Enhancing Communication Toward Optimal Language Learning for Limited English Proficient Students Clinical Forum
Clinical Forum  |   October 01, 1996
Enhancing Communication
 
Author Affiliations & Notes
  • Li-Rong Lilly Cheng, PhD
    San Diego State University, Department of Communicative Disorders, San Diego, CA 92065
Article Information
Development / Cultural & Linguistic Diversity / School-Based Settings / Clinical Forum: Cultural/Linguistic Variation
Clinical Forum   |   October 01, 1996
Enhancing Communication
Language, Speech, and Hearing Services in Schools, October 1996, Vol. 27, 347-354. doi:10.1044/0161-1461.2704.347
History: Received April 2, 1993 , Accepted February 17, 1994
 
Language, Speech, and Hearing Services in Schools, October 1996, Vol. 27, 347-354. doi:10.1044/0161-1461.2704.347
History: Received April 2, 1993; Accepted February 17, 1994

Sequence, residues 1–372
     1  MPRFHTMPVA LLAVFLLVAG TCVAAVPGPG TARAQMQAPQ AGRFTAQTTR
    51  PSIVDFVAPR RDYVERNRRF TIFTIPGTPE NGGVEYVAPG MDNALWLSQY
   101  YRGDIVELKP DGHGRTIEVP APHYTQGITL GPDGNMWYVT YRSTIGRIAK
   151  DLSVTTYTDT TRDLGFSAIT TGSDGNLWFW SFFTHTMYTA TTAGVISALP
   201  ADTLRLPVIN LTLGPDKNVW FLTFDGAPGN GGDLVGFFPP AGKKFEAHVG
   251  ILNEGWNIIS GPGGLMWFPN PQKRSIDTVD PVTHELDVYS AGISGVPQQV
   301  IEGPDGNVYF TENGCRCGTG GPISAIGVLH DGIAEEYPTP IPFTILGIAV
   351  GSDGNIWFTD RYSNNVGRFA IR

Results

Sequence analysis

Difficult discourse is a term that describes sociological and psychological difficulties that arise in the conflict of culture, language, and ideology between the American educational system and minority language students. This article will address the discourse demands of students and families in school, the changing demographics requiring our understanding of difficult discourse, and philosophies/controversies in bilingual education. Furthermore, it will focus on the difficulties of children who are limited English proficient and their parents in comprehending school discourse, school culture, and expected interactional styles. Additionally, examples of difficult discourse and a case example will be provided. Finally, specific strategies for reducing difficult discourse will be introduced.

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